Songs From The Wood: The Country Set, 40th Anniversary EditionSongs From The Wood: The Country Set, 40th Anniversary Edition
Box set
Rhino/Parlophone 2017
A Passion Play (2xCD+2xDVD)A Passion Play (2xCD+2xDVD)
Rhino 2014
$20.38 (used)
The Very Best of Jethro TullThe Very Best of Jethro Tull
Parlophone 2001
$4.82 (used)
Thick As A BrickThick As A Brick
Parlophone 1998
$5.53 (used)
Parlophone 1999
$2.70 (used)
Minstrel In The Gallery 40th Anniversary La Grande Édition (2CD/2DVD)Minstrel In The Gallery 40th Anniversary La Grande Édition (2CD/2DVD)
Deluxe Edition
Rhino/Parlophone 2015
$31.99 (used)
Too Old to Rock 'N' Roll: Too Young To Die (2CD/2DVD)Too Old to Rock 'N' Roll: Too Young To Die (2CD/2DVD)
Box set
Rhino/Parlophone 2015
Jethro Tull - Original Album SeriesJethro Tull - Original Album Series
Box set
Rhino/Parlophone 2014
$13.09 (used)
Triple Album Collection (This Was/Stand Up/Benefit) - Jethro TullTriple Album Collection (This Was/Stand Up/Benefit) - Jethro Tull
Chrysalis 2015
$11.86 (used)
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*SEALED CASSETTE TAPE* JETHRO TULL "A Little Light Music" 1992 Chrysalis USD $8.50 Buy It Now
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JETHRO TULL 'Sweet Dream' 1969 German 7"/45 rpm vinyl single USD $16.86 [0 bids]
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JETHRO TULL discography

Ordered by release date | Showing ratings (top albums) | Help to complete the discography and add albums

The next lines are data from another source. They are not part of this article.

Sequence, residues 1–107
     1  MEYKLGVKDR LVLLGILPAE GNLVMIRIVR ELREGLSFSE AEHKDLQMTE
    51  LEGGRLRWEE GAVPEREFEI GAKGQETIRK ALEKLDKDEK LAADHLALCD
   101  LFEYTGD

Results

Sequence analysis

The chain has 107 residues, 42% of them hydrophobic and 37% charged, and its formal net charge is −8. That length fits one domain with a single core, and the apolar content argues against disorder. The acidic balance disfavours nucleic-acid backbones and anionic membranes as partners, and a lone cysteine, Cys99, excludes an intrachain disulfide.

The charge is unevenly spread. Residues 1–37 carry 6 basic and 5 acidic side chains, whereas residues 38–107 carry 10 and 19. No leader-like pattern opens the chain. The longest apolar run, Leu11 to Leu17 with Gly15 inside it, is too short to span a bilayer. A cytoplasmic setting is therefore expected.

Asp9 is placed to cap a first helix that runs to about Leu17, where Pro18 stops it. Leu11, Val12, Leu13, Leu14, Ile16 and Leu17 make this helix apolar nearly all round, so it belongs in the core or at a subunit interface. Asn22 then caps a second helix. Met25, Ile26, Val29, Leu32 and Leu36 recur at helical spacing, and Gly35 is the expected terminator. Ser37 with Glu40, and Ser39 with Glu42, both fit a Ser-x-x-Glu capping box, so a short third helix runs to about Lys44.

JETHRO TULL top albums (CD, LP, MC, SACD, DVD-A, Digital Media Download)

3.31 | 759 ratings
This Was
4.05 | 1124 ratings
Stand Up
3.91 | 953 ratings
4.34 | 2363 ratings
4.63 | 3017 ratings
Thick As A Brick
4.02 | 1330 ratings
A Passion Play
3.30 | 746 ratings
War Child
4.03 | 1092 ratings
Minstrel In The Gallery
3.09 | 693 ratings
Too Old To Rock 'n' Roll: Too Young To Die!
4.18 | 1288 ratings
Songs From The Wood
4.03 | 1054 ratings
Heavy Horses
3.47 | 668 ratings
3.21 | 559 ratings
3.27 | 599 ratings
The Broadsword And The Beast
2.23 | 474 ratings
Under Wraps
3.01 | 141 ratings
A Classic Case
3.23 | 533 ratings
Crest Of A Knave
2.70 | 420 ratings
Rock Island
2.61 | 391 ratings
Catfish Rising
3.64 | 474 ratings
Roots To Branches
3.03 | 394 ratings
J-Tull Dot Com
3.50 | 372 ratings
The Jethro Tull Christmas Album

JETHRO TULL Live Albums (CD, LP, MC, SACD, DVD-A, Digital Media Download)

4.17 | 382 ratings
Live - Bursting Out
2.88 | 52 ratings
Live At Hammersmith '84
3.64 | 170 ratings
A Little Light Music
3.05 | 45 ratings
In Concert
3.64 | 115 ratings
Living With The Past
4.10 | 151 ratings
Nothing Is Easy: Live At The Isle Of Wight 1970
3.46 | 95 ratings
Aqualung Live
3.76 | 84 ratings
Live At Montreux 2003
4.32 | 19 ratings
Live At Carnegie Hall 1970

JETHRO TULL Videos (DVD, Blu-ray, VHS etc)

3.85 | 51 ratings